Article 152 of the Singapore Constitution guarantees the right of Malays as the indigenous people of the country as well as the government’s responsibility “to protect, safeguard, support, foster and promote their political, educational, religious, economic, social and cultural interests and the Malay language”. But history suggests otherwise.
Malays occupy a lower socio-economic standing compared to others. This was not the case in the years preceding and during Singapore’s short-lived merger with Malaysia from 1963 to 1965.
Then the PAP was actively courting the Malays to establish its credentials as a multi-racial, multi-cultural and multi-lingual party. Hence our national anthem and the commands in the armed forces in the Malay language.
But now all this has come to be mere lip-service even though Malay remains our national language. Not only that, a number of policies are discriminatory in nature, going against the grain of the government’s stated policy on meritocracy.
In 1980 the government introduced the “Special Assistance Plan” (SAP) policy at secondary school level. The programme targeted top-scoring primary school students to attend a more demanding academic curriculum.
Though a noble idea, up till today this tax-payers’ funded programme is only available to ten Chinese-medium high schools. Amongst which is Hwa Chong Institution which is still a private school.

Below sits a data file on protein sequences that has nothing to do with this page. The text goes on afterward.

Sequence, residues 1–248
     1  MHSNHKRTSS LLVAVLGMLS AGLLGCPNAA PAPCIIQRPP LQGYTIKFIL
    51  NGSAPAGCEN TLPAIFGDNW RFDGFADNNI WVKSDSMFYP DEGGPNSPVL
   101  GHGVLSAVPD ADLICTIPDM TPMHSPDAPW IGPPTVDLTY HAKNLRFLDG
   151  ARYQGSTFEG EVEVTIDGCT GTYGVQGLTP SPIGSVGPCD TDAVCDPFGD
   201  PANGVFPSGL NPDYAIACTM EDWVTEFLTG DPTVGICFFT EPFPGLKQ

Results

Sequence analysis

These Chinese-medium schools promote the Chinese culture, language and tradition. There is nothing wrong in promoting the Chinese culture or language but the other languages and cultures in Singapore should also be similarly promoted.
Four years later in 1984, the government set up the Gifted Education Programme (GEP). This was the primary school version of the SAP. Such schools enjoy greater flexibility in their management while receiving higher state-funding assistance at the same time.
Looking back, the British colonial government provided free education for the Malays in Singapore.
The first Malay school in Singapore was established by the British in 1856. By 1963, this figure stood at 41.
A further 26 schools were functioning as dual Malay-English medium schools. A model that the PAP government would later copy for the Chinese schools.
The likes of Tun Sri Lanang and Sang Nila Utama schools were the Malay equivalent of Hwa Chong and Nan Hua schools. Today, none of these Malay schools exist.
Though there is little evidence to show that the PAP Government holds malicious intent towards Malays, the idea of unfairness is not far-fetched.
The Malays in Singapore should be able to live with dignity and have the right to self-determination. Even if the state chooses not to render special assistance for the Malays, their legitimate needs shouldn’t be neglected or marginalized.
Future governments of Singapore can still make amends and adjust the state policies where racial or language preferences are at play.
These adjustments should include opening up SAP schools to all by changing their curriculum and passing anti-discrimination laws akin to those in countries like Canada and Australia which prohibit companies from discriminating on the basis of race or language.
After all, our national anthem is still “Majulah Singapura” which, by the way, means “Onward Singapore” in Malay.
Warren Masilamony is a member of the Young Democrats. He is presently working as a television editor in Toronto, Canada.